Housing Rights from a Litigators Perspective

Written by Doug Wyatt


I am an American attorney who lived in New Delhi for over 7 years, working for an NGO where I was involved with Housing Rights Litigation for most of that time. The Human Rights Law Network is a collection of lawyers and activists that work to address the spectrum of rights abuses in India, but my Housing Rights work focused on Delhi. As a foreign-trained non-Indian lawyer, I am not licensed to practice in India. As a result, I did not solely represent clients or make formal appearances in Court. But I worked with my Indian colleagues to interview clients, draft petitions, formulate litigation strategies, and manage the cases as they meandered through the Courts. This piece attempts to summarize my experiences with the various housing rights cases that I was involved with.

At a very high level, litigation has been quite limited in its ability to address the overall problem of housing rights violations and lack of affordable housing in urban India, but it has been effective in stopping illegal/improper evictions when lawyers are able to get to court before the bulldozers demolish the houses. If you divide the problem in to two – poor or insufficient laws and policies, and the failure to implement for follow these laws and policies – litigation has been more effective at addressing the later than the former.

Sadly, Delhi’s weak housing rights protections are generally better than those in place in much of the rest of India. But they provide relatively little in terms of the overall protection of housing rights. The main protection is that, if the government decides it wants to evict a slum/JJ Basti, then it must rehabilitate those who meet certain eligibility requirements. But it does nothing to try to keep communities in place in the face of weak justifications for their eviction. Nor does it require that they be rehabilitated in communities close to where they are being evicted from, or in communities that have all the necessary facilities and amenities. And it does nothing to require in-situ development of these communities or transfer of secure tenure to these residents, so no matter how long their families have been there, they remain at permanent risk of eviction.

The one bright spot that we have seen is that the Delhi High Court has generally been willing to grant protective stay orders against improper evictions if lawyers are able to get a properly drafted petition before the Court before the eviction has actually occurred. This is not easy, as the petitions take time to draft, and a significant amount of documentation must be collected and organized along with the petition itself. But we have gotten good results when we have been able to show the Court that the government is about to evict a community that has not yet been rehabilitated. However, when an eviction has already occurred, the Court has consistently been unwilling to issue orders allowing the residents to move back to their old homes or orders directing the offending officials or offices to compensate the residents for their losses resulting from these illegal actions. This produces a perverse incentive for the government – if they can get their illegal eviction done quickly, then there is little to no cost to it.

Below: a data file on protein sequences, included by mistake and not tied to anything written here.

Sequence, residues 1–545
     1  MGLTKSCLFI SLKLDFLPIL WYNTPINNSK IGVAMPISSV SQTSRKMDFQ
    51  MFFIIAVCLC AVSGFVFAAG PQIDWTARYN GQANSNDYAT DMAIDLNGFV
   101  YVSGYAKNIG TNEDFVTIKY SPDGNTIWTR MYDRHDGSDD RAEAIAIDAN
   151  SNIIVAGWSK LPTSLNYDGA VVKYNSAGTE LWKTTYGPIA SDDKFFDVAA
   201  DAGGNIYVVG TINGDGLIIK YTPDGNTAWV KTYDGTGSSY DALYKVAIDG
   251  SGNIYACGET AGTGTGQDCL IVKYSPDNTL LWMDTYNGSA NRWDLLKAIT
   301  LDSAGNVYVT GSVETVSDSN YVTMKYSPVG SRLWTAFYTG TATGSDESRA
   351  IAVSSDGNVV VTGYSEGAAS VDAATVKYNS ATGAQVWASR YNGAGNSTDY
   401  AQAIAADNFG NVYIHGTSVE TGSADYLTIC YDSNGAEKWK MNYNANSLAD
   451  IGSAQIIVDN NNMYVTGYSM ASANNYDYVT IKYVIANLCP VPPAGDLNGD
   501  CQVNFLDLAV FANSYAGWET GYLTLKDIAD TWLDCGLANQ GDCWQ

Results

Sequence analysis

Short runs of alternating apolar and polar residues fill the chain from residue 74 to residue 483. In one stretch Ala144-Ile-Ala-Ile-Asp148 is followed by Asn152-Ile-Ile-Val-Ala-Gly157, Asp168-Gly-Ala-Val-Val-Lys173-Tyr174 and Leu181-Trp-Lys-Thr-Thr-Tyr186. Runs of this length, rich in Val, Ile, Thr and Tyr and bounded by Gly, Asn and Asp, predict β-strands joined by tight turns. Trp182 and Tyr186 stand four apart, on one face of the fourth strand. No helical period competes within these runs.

One challenge that lawyers face is that these at-risk communities often face false threats of evictions, or threats that are not followed through. As a result, when a real threat is made, they may not take it seriously, or may not know to bring it to a lawyer until it is too late. Additionally, occasionally lawyers or other groups will offer to represent these communities for a significant fee, and not end up providing any service to them. So even lawyers with pro bono organizations like ours sometimes face skepticism as a result of these past bad experiences. As a result, we’ve found that it is critical that reputable activists and NGOs work with these communities on an ongoing basis, and provide the connections between them and lawyers to improve the communication and awareness of the risks, as well as to ensure that the communities feel comfortable working with the lawyers.

One particularly frustrating part of the process is the failure of government respondents to follow court orders in good faith. Often, we received orders for surveys to be completed as the first step in the rehabilitation process, only to have the respondents fail to complete the surveys by the prescribed dates. This leaves the community in limbo, as the stay order might expire at the same time, so they do not know if the government has lost interest in the eviction or is just delaying. This problem is compounded with the Court issues vague or only partial relief as interim relief and then disposes of the matter, assuming that the government respondents will then follow the rules moving forward. In one particular instance, we had to return to court multiple times, in the face of failure to implement court orders and failure to take the mandated next steps that were assumed, but not stated, in these orders.

Evictions and demolitions of slums in Delhi should be a clear and straight-forward process. The existing policies set out rules for surveys, eligibility and decision making. But the fact that these rules are often not followed, or not followed properly, unnecessarily adds another layer of confusion and vulnerability to at-risk communities that are already grappling with many other challenges. Lawyers and litigation had help mitigate this, but are by no means a solution to the larger problems of housing rights violations and inadequate housing in urban India.